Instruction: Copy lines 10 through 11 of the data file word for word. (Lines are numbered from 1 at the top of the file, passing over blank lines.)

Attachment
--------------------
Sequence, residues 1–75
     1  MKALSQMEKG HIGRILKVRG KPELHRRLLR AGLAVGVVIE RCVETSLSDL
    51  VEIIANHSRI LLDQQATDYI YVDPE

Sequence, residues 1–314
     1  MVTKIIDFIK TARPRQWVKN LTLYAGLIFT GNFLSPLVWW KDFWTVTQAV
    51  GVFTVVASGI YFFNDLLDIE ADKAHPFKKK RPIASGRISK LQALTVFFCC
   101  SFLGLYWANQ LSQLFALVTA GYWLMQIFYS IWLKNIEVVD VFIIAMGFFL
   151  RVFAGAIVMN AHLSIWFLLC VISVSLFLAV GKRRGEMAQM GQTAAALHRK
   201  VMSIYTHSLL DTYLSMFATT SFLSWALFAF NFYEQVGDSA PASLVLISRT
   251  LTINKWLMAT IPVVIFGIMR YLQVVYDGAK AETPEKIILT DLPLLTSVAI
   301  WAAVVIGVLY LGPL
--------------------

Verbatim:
   251  LTINKWLMAT IPVVIFGIMR YLQVVYDGAK AETPEKIILT DLPLLTSVAI
   301  WAAVVIGVLY LGPL